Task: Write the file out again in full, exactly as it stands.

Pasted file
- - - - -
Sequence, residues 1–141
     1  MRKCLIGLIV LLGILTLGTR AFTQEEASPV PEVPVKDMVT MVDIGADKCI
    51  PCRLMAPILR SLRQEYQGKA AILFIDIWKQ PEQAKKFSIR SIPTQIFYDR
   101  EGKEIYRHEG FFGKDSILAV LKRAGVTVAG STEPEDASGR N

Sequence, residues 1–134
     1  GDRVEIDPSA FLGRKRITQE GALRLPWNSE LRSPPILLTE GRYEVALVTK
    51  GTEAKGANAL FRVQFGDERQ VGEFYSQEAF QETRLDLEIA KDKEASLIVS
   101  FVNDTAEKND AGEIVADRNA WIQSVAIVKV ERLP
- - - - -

Sequence, residues 1–141
     1  MRKCLIGLIV LLGILTLGTR AFTQEEASPV PEVPVKDMVT MVDIGADKCI
    51  PCRLMAPILR SLRQEYQGKA AILFIDIWKQ PEQAKKFSIR SIPTQIFYDR
   101  EGKEIYRHEG FFGKDSILAV LKRAGVTVAG STEPEDASGR N

Sequence, residues 1–134
     1  GDRVEIDPSA FLGRKRITQE GALRLPWNSE LRSPPILLTE GRYEVALVTK
    51  GTEAKGANAL FRVQFGDERQ VGEFYSQEAF QETRLDLEIA KDKEASLIVS
   101  FVNDTAEKND AGEIVADRNA WIQSVAIVKV ERLP